Construction work on the long-delayed new national children’s hospital will finally start early next year — provided the project overcomes an expected An Bord Pleanála grilling this autumn.
Officials for the facility, which will cater for hundreds of thousands of seriously ill children across the country, revealed the timeline yesterday.
Speaking during an update briefing at the Royal College of Physicians in Ireland, senior members of the new hospital’s board said the exact design of the St James’s Hospital site is still being developed.
However, they confirmed a planning application to An Bord Pleanála will be made this autumn.
Should this prove successful, space for the facility will be cleared and the first building blocks put in place next spring.
Services are then expected to be transferred from other areas by 2018, with the hospital becoming fully operational by 2019.
Tom Costello, chairman of the national paediatric hospital development board, which is a separate but linked group to the children’s hospital board, said the exact cost of the plan will not be known until its design is finalised this summer.
However, he said it is likely to cost somewhere in the same region as the now-scrapped plan for the Mater, which was expected to need at least €650m in State, lottery, and charity funding.
Mr Costello, who has 35 years of experience in the construction industry, said the new facility is taking a considerable amount of work and is “akin to building the Aviva Stadium and the National Convention Centre” at the same time.
However, while noting the “frustration” over previous delays to the building of a national children’s hospital in recent years, he quoted former British prime minister Winston Churchill, saying: “It’s no use saying ‘we’re doing our best’; you’ve got to succeed in doing what is necessary.”
Under the latest plans for a state-of-the-art national children’s hospital, two “satellite” urgent care centres linked to the facility will be based at Tallaght Hospital and Connolly Hospital in Blanchardstown.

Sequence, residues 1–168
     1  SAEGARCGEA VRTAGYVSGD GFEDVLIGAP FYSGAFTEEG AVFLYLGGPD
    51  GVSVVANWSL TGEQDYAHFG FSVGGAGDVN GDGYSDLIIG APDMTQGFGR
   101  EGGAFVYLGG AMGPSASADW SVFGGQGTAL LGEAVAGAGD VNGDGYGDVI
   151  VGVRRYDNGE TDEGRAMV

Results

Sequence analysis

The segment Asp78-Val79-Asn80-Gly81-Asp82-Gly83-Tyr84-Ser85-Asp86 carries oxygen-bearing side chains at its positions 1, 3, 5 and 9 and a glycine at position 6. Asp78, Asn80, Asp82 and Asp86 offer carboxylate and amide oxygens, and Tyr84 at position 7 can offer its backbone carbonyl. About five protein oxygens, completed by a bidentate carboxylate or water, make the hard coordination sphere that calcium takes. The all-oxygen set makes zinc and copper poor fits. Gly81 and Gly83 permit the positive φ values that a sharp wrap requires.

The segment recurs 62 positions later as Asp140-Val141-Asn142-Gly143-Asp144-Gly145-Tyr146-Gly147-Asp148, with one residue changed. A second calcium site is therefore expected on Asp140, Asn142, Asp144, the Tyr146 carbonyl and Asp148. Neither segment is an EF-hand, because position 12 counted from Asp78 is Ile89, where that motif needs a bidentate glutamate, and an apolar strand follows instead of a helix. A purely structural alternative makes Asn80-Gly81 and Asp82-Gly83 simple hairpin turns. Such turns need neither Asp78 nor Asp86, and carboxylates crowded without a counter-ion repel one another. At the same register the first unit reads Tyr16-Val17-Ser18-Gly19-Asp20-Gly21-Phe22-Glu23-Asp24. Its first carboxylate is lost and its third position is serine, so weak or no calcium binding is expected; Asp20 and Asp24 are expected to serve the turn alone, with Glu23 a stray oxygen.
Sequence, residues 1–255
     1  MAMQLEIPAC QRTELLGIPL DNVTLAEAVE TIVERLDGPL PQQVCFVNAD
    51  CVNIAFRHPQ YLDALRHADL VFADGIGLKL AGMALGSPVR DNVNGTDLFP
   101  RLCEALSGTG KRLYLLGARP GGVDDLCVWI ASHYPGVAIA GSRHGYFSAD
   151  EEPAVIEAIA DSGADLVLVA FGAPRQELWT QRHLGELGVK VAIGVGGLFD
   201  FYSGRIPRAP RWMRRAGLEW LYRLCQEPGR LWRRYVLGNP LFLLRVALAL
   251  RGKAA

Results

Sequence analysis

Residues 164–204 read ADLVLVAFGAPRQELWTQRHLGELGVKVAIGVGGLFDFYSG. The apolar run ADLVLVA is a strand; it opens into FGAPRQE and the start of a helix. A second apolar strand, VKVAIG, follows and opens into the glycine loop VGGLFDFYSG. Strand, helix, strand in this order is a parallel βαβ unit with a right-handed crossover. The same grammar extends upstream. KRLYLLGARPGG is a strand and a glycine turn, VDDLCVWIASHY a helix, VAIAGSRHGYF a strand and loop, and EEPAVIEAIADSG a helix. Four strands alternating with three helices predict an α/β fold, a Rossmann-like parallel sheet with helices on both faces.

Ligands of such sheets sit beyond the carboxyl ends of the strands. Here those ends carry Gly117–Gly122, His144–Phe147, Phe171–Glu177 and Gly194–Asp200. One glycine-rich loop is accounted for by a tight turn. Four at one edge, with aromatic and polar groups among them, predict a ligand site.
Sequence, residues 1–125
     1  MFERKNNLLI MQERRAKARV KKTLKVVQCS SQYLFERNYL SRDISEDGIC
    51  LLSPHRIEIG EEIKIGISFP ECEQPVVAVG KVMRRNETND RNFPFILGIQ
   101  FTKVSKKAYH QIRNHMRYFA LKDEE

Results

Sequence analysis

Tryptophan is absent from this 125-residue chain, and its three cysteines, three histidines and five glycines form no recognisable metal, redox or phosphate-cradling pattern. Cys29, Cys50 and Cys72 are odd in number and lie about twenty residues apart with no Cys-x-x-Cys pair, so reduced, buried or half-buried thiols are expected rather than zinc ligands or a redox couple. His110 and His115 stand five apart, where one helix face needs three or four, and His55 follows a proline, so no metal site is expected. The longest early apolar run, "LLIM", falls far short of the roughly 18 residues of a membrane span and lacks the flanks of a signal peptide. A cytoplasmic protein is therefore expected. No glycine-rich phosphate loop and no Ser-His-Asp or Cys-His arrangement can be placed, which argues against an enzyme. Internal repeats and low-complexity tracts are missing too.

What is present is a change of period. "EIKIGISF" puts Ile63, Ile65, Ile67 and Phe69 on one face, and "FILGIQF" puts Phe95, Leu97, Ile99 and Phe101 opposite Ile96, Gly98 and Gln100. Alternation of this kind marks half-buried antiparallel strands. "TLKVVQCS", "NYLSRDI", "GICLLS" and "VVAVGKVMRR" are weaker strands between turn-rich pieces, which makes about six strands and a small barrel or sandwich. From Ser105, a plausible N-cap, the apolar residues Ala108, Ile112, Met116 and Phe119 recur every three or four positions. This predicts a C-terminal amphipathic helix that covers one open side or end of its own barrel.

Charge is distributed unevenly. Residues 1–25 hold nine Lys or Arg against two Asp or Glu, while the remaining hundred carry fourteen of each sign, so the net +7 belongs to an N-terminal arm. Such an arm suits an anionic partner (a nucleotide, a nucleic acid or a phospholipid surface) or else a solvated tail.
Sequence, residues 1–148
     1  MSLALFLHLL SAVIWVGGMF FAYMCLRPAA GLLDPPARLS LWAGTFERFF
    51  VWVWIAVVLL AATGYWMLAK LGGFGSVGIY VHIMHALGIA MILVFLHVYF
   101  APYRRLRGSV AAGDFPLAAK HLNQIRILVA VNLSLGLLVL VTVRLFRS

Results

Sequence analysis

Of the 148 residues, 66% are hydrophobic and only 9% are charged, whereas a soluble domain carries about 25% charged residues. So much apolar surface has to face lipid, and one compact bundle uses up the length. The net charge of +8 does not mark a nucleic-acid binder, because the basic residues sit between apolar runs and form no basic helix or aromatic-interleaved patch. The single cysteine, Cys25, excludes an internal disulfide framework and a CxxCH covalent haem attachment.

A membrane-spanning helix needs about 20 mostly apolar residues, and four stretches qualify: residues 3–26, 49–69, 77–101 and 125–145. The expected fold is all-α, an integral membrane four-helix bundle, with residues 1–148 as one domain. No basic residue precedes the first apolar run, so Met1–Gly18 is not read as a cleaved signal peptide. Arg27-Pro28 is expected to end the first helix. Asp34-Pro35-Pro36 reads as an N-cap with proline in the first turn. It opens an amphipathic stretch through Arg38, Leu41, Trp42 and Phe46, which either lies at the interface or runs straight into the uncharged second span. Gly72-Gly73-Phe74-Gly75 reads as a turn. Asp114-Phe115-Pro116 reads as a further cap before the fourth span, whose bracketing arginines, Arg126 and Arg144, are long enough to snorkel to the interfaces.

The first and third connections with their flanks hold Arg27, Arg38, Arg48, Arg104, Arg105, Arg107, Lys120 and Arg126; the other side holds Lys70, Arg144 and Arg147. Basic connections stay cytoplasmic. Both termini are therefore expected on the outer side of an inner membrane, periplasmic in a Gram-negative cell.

Children’s hospital board chief executive Eilis Hardiman, said an “ambulance retrieval service” will also be in operation to ensure that “the sickest children get to the service” as quickly as possible from all parts of the country.
Addressing concerns the St James’s site could fall foul of similar problems to the original Mater Hospital plan, board chairman Jim Browne said that the previous project was not fulfilled “because the site was too small”.
He said the “densification” issue would not arise on the new site as it is significantly bigger, while traffic congestion will be minimised through the use of three Luas stops, a number of direct bus routes, a hoped-for underground link to Heuston station, and 1,000 carpark spaces.
The new children’s hospital project, which was originally due to be completed by 2016, has suffered repeated delays since it was first revealed by ex-health minister Mary Harney at the height of the Celtic Tiger boom.
The Mater was controversially chosen as the new facility’s base before the plan was rejected by An Bord Pleanála in 2012.
A report commissioned by Health Minister James Reilly subsequently decided to build the site at St James’s Hospital.
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